Biofortification is one of the sustainable and cost-effective ways of addressing micronutrient malnutrition. Biofortification efforts are gaining global recognition and impacting on millions of people by addressing food insecurity especially in Africa. This year’s World Food Prize has been awarded to four laureates in recognition of their efforts in developing food crops that are rich in micronutrients (essential minerals and vitamins). Their efforts have impacted an estimated 10 million people affected by hidden hunger and starvation. Three of the laureates, Dr. Maria Andrade of Cape Verde, Dr. Robert Mwanga of Uganda, and Dr. Jan Low of the United States are from the International Potato Centre (CIP) while Dr. Howarth Bouis is from Harvestplus . The scientists have been honored for their contribution to biofortification and for developing and improving nutrition and health through the single most successful example of micronutrient and vitamin A biofortification, popularly known as the orange-fleshed sweetpotato (OFSP)
Through the combined efforts of our four Laureates and many other people, over 10 million persons are now positively impacted by biofortified crops, with a potential of several hundred million more having their nutrition and health enhanced in the coming decades. http://www.worldfoodprize.org/index.cfm?NodeID=86821&AudienceID=1&preview=1
Efforts by CIP and partners to promote and upscale biofortified staple crops are still continuing. One such example is through the CIP– led initiative on ‘Building Nutritious Food Baskets (BNFB) implemented in Nigeria and Tanzania. The project has an overall goal of reducing hidden hunger and purposes to demonstrate how scaling up of “multiple biofortified crops” can be achieved. BNFB explores a multi-crop (‘food basket’) approach through advocating for increased investment in biofortified crops as a sustainable way to combat micronutrient malnutrition. The project mainly targets the rural populations, especially young children under the age of five and women of reproductive age. The multiple crops include vitamin A-rich orange-fleshed sweetpotato, vitamin A yellow cassava, vitamin A-rich yellow maize and high iron beans. BNFB also focuses on developing institutional capacities to design and implement gender-sensitive programs and projects to ensure wide access and utilization of biofortified crops.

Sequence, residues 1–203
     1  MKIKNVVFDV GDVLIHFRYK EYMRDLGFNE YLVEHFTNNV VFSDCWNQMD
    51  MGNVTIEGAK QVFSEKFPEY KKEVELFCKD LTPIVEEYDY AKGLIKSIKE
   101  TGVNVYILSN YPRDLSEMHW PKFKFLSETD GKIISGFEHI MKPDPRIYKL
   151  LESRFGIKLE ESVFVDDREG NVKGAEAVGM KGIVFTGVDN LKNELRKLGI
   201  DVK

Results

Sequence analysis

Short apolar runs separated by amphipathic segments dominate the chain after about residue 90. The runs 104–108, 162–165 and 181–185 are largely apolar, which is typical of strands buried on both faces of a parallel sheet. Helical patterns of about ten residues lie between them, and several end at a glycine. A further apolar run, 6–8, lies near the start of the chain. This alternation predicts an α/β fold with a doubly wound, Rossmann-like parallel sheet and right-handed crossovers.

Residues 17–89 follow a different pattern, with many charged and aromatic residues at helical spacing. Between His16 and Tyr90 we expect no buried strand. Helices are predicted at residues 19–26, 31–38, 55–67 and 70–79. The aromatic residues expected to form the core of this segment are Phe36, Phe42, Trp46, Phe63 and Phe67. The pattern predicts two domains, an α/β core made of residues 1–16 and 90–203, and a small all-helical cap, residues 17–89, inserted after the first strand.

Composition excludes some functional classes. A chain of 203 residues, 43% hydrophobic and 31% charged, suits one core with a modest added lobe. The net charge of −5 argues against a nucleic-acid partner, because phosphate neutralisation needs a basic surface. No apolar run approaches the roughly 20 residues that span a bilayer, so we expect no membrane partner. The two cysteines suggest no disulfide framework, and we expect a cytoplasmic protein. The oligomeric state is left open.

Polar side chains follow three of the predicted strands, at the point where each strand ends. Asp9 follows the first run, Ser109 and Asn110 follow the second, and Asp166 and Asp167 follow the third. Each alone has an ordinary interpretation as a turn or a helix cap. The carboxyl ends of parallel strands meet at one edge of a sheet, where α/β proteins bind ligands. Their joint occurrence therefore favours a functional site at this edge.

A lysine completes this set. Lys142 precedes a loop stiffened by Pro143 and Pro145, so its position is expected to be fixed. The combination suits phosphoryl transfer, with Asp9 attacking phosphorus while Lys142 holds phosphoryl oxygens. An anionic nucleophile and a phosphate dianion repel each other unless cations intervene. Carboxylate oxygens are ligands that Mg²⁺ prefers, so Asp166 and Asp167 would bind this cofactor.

BNFB is implemented through a consortium of partners. CIP is the lead partner, working with four CGIAR centers and programs, governments of Tanzania and Nigeria and other regional and national partners working on nutritious staple crops including;
- The International Potato Center (CIP) with expertise in orange fleshed sweetpotato (OFSP)
- The International Center for Tropical Agriculture (CIAT) with expertise in high iron beans
- The International Maize and Wheat Improvement Center (CIMMYT) with expertise in vitamin A (orange) maize
- The International Institute of Tropical Agriculture (IITA) with expertise in vitamin A (yellow) cassava and vitamin A (orange) maize
- HarvestPlus as the global leader in biofortification with experience in scaling up at the country level
- Forum for Agricultural Research in Africa (FARA) which is responsible for policy engagement and advocacy at regional level
- Government of Tanzania and Nigeria
- Other implementing regional and national partners (public, private and civil society)
Find out more about the project in this video.